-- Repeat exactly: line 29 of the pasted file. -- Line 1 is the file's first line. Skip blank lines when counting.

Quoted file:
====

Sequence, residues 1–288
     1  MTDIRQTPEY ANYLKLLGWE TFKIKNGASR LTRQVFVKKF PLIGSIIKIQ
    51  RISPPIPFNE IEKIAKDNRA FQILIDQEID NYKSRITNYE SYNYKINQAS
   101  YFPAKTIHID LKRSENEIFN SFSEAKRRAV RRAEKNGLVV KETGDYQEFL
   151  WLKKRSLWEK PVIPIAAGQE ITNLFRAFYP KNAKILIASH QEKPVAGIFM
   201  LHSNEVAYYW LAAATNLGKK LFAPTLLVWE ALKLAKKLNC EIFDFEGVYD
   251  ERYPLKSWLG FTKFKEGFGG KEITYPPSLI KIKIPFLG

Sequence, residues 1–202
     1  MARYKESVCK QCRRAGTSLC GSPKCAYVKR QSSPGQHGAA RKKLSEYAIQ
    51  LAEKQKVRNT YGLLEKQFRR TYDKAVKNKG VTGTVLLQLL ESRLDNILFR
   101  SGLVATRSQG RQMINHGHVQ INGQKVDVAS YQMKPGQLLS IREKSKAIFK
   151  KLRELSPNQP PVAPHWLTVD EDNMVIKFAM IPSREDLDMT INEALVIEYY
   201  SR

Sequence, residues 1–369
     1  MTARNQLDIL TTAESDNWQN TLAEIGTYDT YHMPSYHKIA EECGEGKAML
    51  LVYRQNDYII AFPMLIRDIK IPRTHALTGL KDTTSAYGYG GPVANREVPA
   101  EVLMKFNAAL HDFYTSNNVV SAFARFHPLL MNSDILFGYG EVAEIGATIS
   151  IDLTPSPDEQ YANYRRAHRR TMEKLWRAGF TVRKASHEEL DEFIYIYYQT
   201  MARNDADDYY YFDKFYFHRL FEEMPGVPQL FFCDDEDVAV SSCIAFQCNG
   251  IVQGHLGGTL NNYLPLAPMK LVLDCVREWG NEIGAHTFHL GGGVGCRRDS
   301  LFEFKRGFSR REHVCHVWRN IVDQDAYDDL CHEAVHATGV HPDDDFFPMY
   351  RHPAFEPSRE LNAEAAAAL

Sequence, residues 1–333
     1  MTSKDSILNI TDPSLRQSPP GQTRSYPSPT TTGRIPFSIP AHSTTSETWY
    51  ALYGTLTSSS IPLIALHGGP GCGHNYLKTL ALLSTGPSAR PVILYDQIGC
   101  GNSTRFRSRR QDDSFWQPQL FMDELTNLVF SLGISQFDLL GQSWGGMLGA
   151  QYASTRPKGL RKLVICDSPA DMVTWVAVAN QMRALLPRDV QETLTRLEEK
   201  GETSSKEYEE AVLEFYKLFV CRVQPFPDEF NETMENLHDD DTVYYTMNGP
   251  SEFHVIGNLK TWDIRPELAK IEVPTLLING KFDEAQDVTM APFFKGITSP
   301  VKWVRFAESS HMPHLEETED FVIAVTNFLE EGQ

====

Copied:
   251  SEFHVIGNLK TWDIRPELAK IEVPTLLING KFDEAQDVTM APFFKGITSP